In a startling revelation, the Pentagon has come under scrutiny for its failure to track more than $1 billion worth of weapons sent to Ukraine between February and June of the previous year. A recent report from the Pentagon Inspector General highlights a lapse in monitoring the Defense Department’s “enhanced end-use monitoring” (EEUM) program, mandated for certain types of smaller arms prone to interception and redirection to the black market.
The EEUM-designated defense articles, including Javelin and Stinger missiles, were valued at approximately $1.7 billion over the period under examination. However, the report reveals that as of June 2, 2023, serial number inventories for more than $1.005 billion, constituting 59% of the total value, remained unaccounted for.
This news emerges at a crucial time as Congress debates the continuation of aid to Ukraine, marking the second anniversary of its invasion by Russia. While the U.S. has contributed more than $45 billion in military aid to Ukraine since 2021, concerns have been raised about the effectiveness of monitoring and accountability.
House Republicans, including Representative Marjorie Taylor-Greene, have expressed reservations about ongoing aid, pointing to uncertainties about the proper use and handling of weapons. Taylor-Greene, in a tweet linking to the report, emphasized the lack of clarity on the whereabouts of billions in cash and weaponry sent to Ukraine.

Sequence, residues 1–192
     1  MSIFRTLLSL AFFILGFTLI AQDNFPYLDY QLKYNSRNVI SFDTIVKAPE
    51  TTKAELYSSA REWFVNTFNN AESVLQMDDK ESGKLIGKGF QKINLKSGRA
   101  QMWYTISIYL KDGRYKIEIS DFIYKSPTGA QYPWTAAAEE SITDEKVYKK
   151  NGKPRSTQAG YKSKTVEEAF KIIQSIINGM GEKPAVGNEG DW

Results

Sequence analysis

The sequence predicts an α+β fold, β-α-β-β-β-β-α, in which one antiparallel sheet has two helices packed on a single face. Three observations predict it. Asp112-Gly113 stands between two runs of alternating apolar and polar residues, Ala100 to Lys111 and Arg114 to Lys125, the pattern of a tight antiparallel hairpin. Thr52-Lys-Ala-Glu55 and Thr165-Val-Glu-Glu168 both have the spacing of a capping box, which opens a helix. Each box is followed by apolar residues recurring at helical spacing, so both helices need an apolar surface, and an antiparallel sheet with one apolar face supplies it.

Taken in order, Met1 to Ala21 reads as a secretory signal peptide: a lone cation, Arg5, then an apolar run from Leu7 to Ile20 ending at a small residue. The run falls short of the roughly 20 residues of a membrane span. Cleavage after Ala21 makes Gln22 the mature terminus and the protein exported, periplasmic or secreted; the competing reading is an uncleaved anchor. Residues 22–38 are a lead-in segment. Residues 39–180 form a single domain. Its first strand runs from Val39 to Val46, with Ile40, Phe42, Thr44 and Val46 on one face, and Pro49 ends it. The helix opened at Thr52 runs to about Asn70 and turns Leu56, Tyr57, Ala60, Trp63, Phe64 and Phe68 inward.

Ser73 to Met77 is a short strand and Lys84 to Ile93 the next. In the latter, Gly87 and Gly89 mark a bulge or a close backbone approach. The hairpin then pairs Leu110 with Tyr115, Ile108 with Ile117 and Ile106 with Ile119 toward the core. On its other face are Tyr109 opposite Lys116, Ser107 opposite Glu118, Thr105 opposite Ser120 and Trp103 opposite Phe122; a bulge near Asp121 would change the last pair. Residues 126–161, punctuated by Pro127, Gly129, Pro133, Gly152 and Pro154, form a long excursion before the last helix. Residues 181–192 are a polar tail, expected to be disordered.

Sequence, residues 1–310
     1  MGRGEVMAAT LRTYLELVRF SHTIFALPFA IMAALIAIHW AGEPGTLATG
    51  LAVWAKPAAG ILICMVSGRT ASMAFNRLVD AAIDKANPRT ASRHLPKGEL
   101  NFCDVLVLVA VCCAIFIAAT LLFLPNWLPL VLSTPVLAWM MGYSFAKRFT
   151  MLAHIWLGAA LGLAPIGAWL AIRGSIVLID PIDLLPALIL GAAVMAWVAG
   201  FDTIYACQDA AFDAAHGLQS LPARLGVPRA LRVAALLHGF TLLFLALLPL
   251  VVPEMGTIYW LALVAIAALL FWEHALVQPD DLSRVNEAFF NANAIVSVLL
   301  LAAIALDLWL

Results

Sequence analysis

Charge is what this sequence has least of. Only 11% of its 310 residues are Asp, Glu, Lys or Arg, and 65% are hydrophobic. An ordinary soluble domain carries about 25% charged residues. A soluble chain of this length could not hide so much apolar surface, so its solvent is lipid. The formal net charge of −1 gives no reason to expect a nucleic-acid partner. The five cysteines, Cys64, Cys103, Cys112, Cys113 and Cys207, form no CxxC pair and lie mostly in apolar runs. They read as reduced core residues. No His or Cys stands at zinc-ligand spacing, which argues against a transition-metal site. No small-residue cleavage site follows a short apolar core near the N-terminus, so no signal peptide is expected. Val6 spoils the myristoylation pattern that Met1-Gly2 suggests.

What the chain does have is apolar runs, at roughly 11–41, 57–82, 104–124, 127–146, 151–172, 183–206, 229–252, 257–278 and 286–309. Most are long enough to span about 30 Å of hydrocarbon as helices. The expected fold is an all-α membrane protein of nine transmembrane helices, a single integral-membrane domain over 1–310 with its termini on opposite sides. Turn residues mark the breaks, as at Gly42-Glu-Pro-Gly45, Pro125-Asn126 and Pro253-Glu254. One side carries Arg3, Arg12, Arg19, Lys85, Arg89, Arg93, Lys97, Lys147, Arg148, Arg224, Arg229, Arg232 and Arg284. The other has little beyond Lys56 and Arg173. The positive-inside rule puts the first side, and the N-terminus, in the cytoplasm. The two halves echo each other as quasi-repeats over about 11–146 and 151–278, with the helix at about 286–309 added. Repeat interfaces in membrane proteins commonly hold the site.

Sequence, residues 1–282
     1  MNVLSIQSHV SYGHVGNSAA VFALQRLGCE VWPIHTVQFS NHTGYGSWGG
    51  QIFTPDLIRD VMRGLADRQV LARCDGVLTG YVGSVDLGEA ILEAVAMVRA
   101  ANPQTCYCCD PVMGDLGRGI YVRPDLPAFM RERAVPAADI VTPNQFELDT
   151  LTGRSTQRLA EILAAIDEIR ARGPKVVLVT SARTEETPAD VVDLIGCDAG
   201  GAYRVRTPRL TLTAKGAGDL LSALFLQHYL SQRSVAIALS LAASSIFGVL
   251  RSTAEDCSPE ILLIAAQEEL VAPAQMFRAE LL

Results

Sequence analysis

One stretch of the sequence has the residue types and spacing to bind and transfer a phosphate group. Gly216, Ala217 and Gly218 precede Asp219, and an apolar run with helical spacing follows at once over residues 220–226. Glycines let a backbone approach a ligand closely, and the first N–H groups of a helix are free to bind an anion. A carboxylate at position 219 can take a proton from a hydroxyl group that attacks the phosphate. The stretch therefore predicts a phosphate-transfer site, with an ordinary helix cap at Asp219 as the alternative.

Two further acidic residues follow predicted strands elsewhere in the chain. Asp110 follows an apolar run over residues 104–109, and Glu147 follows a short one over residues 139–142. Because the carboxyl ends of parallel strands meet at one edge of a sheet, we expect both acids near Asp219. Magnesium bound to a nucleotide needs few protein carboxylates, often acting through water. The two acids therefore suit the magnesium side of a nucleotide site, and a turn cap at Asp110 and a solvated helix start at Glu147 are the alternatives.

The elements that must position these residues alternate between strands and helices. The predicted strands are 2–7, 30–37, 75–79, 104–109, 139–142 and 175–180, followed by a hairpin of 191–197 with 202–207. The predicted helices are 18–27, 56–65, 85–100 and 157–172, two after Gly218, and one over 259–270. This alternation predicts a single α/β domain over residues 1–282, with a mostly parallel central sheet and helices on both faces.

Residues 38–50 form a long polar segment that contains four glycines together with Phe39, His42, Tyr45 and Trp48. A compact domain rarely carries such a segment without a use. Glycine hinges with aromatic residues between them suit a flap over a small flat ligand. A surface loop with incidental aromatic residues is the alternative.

Pentagon Press Secretary Air Force Brig. Gen. Pat Ryder, however, assured reporters that there is no credible evidence of illicit diversion of U.S.-provided weapons. Despite this, the Inspector General report did not actively investigate whether any untracked equipment ended up on the black market.
The Department of Defense Inspector General has since taken steps to address the issue by stationing personnel in Ukraine, and the Defense Criminal Investigative Service (DCIS) continues to investigate allegations of criminal conduct related to U.S. security assistance to Ukraine.
To enhance auditing procedures, the Inspector General recommended improvements in inventory procedures and collaboration with the State Department to enhance visibility of third-party transfers of EEUM-designated equipment before delivery.
As Congress reconvenes to discuss a supplemental funding bill for Ukraine, Israel, Taiwan, and southern border security, the findings of the Inspector General report add a layer of complexity to the debate, urging a closer examination of the accountability mechanisms in place.